Reproductive Rights Updates: Arkansas, Utah, Tennessee, and Missouri

In Arkansas, Jason Rapert (R-Idiculous) had proposed "heartbeat" legislation that would ban abortions if cardiac activity is detected. That legislation was tabled Tuesday. Rapert, however, is undeterred (of course he is!).
Republican Sen. Jason Rapert of Conway told reporters Tuesday he's amending his "heartbeat" bill to address concerns raised by lawmakers. The legislation originally called for banning abortions if a fetal heartbeat is detected, a move that would prohibit them as early as six weeks into a pregnancy.

Opponents have said the only way to detect a heartbeat that early is by vaginal probe. Rapert said limiting the test to an abdominal ultrasound would ban abortions as early as 10 to 12 weeks into a pregnancy.
Again, Rapert, you are missing the fact that a heartbeat does not a viable fetus make.


In Utah, a Republican senator has decided to rework her legislation that would have banned "gender-based abortions" and has opted for an entirely new tactic:
On Tuesday [Sen. Margaret Dayton] released a new bill in place of her gender selection bill that would require Utah's Department of Health to prepare an annual report for the Legislature that includes the number of abortions performed in the state and at what stage of the pregnancy the abortions took place.

"I had requests from several legislators that we get all the data and keep it in state and then we will address other issues," Dayton explained.

Dayton said the data is collected on a federal level but there are concerns that the reports will not produce the numbers Utah is seeking. She went on to explain that this bill will allow the state to gather the numbers to help policymakers when creating abortion legislation.
It's SB60 and, in looking at it, it doesn't seem to require any patient identifying information. Interesting to note though that the section the changes modify is called this: "This bill modifies Title 76, Chapter 7, Offenses Against the Family."


In Tennessee, Sen. Jim Tracy (R-Eprehensible) has proposed mandatory ultrasound and waiting period legislation.
Senate Bill 632, which Tracy filed Thursday, would require an ultrasound technician to display an image of the fetus, and it would require ultrasound machines to make any heartbeat audible to the woman. If a woman declined to view the ultrasound image, the technician would be required to describe any appendages and internal organs visible.

Women would then have to return to the provider within 72 hours to go forward with an abortion.
It also requires at least a 24 hour waiting period after an ultrasound before an abortion could happen.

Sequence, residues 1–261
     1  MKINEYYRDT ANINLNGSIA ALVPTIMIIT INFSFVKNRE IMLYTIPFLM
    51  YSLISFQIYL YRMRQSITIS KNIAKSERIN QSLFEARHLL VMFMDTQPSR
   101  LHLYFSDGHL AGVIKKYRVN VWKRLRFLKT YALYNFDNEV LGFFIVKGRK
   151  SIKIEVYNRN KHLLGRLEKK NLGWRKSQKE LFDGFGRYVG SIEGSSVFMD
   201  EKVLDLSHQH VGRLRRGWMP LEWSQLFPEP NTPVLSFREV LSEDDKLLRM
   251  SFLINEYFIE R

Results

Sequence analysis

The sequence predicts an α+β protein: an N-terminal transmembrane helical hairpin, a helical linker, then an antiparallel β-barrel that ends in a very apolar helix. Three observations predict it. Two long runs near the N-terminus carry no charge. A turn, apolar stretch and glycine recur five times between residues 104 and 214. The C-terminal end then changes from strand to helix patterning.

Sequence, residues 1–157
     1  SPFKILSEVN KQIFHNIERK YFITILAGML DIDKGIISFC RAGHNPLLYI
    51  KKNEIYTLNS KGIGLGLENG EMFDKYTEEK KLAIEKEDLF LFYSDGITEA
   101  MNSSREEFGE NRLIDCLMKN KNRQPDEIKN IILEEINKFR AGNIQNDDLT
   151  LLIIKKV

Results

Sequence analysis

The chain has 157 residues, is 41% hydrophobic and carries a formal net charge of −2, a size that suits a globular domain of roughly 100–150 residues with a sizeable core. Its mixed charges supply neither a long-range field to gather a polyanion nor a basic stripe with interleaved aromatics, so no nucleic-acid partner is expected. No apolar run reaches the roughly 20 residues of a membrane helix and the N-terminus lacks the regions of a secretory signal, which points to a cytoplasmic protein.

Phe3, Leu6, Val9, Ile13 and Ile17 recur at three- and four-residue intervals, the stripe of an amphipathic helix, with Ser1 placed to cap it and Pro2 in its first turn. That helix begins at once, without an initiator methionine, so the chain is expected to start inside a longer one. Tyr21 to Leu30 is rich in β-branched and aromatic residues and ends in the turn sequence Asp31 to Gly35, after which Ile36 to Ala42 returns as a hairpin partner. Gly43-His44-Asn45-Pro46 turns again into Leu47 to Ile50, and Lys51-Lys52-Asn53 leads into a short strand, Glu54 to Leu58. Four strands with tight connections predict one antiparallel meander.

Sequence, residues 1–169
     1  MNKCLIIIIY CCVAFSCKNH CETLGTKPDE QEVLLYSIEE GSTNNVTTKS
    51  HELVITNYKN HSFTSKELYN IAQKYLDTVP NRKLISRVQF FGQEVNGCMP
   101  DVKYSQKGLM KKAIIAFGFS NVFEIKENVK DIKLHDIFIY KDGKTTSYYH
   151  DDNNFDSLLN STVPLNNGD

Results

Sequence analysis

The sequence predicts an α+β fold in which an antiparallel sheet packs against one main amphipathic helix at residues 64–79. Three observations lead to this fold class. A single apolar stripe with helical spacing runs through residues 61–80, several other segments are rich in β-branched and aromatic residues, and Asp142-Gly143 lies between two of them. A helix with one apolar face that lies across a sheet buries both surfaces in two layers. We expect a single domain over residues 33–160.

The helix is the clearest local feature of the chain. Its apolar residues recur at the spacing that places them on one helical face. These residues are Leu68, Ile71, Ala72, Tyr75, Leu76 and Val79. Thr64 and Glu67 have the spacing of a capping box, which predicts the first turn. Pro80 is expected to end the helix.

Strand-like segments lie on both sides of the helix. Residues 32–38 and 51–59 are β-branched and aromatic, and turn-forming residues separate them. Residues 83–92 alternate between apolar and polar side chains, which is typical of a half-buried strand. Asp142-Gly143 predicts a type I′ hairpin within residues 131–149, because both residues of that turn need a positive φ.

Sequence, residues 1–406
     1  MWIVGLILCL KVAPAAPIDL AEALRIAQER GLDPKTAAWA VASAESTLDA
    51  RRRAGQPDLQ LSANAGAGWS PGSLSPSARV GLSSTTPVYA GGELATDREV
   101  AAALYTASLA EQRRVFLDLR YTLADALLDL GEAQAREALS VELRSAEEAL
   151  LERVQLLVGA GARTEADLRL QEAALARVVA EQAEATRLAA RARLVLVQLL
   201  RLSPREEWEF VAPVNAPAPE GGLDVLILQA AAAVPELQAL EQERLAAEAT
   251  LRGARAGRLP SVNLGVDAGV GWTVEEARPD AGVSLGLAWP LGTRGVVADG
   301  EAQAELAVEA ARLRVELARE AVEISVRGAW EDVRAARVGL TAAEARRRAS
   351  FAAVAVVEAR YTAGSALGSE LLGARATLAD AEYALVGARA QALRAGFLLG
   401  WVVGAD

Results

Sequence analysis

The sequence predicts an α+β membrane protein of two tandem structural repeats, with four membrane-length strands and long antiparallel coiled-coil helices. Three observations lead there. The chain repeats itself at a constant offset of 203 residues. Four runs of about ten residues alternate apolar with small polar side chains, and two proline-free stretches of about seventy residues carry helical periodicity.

Tennessee has a privacy clause in the state constitution that has prevented such legislation in the past, so this likely won't go anywhere. That doesn't bother Tracy, though, because this is almost assuredly a "political maneuver" to bolster a challenge for the Congressional seat in 2014 election. Yes, that's right. This invasive, autonomy-attacking legislation is not really meant to be more than political game-playing to further Tracy's career.


In Missouri, Rep. John McCaherty (R-Eally?!) has introduced this quixotic bit of legislation: "Abortion Ban for Sex Selection and Genetic Abnormalities Act of 2013". Here is what he has to say about it:
"We can't legally...stop her from aborting a child," McCaherty tells Daily RFT. "But we can restrict what doctors do."


"It really doesn't affect a woman's decision. Obviously, that is guaranteed by the federal courts," he tells us. "It does restrict doctors from selling abortions to patients.... That's what some of them are doing.... We are seeing more and more the sales pitch: 'If this isn't what you really want, abort and try again.'"
We are seeing that, are we? CITATION PLEASE.

The legislation says things like:
1. No person shall intentionally perform or attempt to perform an abortion with the knowledge that the pregnant woman is seeking the abortion solely on account of the sex of the unborn child.

188.287. 1. No person shall intentionally perform or attempt to perform an abortion with knowledge that the pregnant woman is seeking the abortion solely because the unborn child has been diagnosed with either a genetic abnormality or a potential for a genetic abnormality.
Anyone who preforms an abortion under such circumstances could face criminal charges. AND (emphasis mine):
4. A cause of action for injunctive relief against any physician or other person who had knowingly violated sections 188.275 to 188.299 may be maintained by the woman upon whom the abortion was performed or attempted to be performed in violation of sections 188.275 to 188.299; any person who is the spouse, parent, guardian, conservator, or a current or former licensed health care provider of the woman upon whom an abortion has been performed or attempted to be performed in violation of sections 188.275 to 188.299; by the Missouri attorney general's office; or by a prosecuting attorney with appropriate jurisdiction. The injunction shall prevent the physician or person from performing further abortions in violation of sections 188.275 to 188.299.
Yes, that's right: the spouse, parent, guardian, or FORMER DOCTOR of a patient could pursue legal action.

Back to McCaherty, further explaining his reasoning:
"Obviously, I'm pro-life and my intent would be to limit the number of abortions happening. Would this bill do that? I don't know.... But the decision ought to be between a mother and a father without outside influence from doctors or Planned Parenthood or whoever would be in the business of selling abortions."
Yes, doctors definitely don't need to be advising patients about medical issues. Well thought out there! I don't know about selling abortions but I think someone needs to sell you a clue, Rep. McCaherty.

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